In spite of the difficulties, the creators of the new prototype assure that the autonomous modular robots could be useful in sectors like the operations of search and rescue or in military actions. "In these applications, the robot could find a variety of different terrains and other unknown environments that require the transformation of its form to adapt," says Dudelain. In military missions, he adds, you can add the inconvenience of explosives damaging parts of a machine. "A modular robot can have an advantage, because you only need to change the damaged modules and not the entire structure," he explains. His partner Tarik Tosun assures that they could also help with daily household chores.
Jamie Paik, director of the Reconfigurable Robotics Lab of Lausanne (Switzerland), considers the work of these researchers "impressive and novel", because "it really teaches examples of how modular structures can react and adapt to a new environment and new tasks in an autonomous way". For this researcher, the three plans on which the model they have developed (the autonomous modules, the intelligent control center and the warehouse of preprogrammed actions) allow the system to concentrate "not so much on each individual detail of the behavior of each module , but rather in knowing how to react to the situation ".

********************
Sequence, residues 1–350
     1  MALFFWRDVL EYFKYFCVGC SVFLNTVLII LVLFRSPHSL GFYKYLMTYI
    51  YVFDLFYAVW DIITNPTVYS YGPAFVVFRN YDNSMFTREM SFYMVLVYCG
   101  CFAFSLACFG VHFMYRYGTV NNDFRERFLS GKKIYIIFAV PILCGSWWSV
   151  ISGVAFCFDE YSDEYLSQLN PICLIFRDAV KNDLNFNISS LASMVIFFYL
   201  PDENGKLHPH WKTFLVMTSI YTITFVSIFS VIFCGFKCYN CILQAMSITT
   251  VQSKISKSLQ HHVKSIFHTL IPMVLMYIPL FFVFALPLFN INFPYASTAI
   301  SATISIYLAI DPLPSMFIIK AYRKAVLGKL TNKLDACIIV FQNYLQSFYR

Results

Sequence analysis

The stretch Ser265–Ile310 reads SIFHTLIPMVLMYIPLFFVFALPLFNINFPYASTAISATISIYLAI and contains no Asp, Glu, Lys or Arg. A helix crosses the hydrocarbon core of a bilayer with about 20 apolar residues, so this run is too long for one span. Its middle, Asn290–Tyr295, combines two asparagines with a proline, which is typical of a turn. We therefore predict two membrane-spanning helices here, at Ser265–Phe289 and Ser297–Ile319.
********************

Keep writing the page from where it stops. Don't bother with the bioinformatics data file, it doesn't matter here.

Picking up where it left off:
This example offers the scientific community a basis to explore "how to reconfigure a robotic format according to how the environment changes", says Paik. The engineer believes that it will be easier to carry out concrete applications in a house than outside, because it is easier to explore the conformation and distribution of objects. "In outdoor environments, more sensors are missing, allowing you to do more things," he says.
Understanding where the line between achievable tasks and unrealizable tasks is is one of the questions that researchers put in this area. Hada Kress-Gazit, a professor at Cornell University and also co-author of the study published this Wednesday in Science Robotic, offers a suggestion: "This question may inspire the design of the next generations of robotic modules, or ideas on how to make two modular robots collaborate to do something different."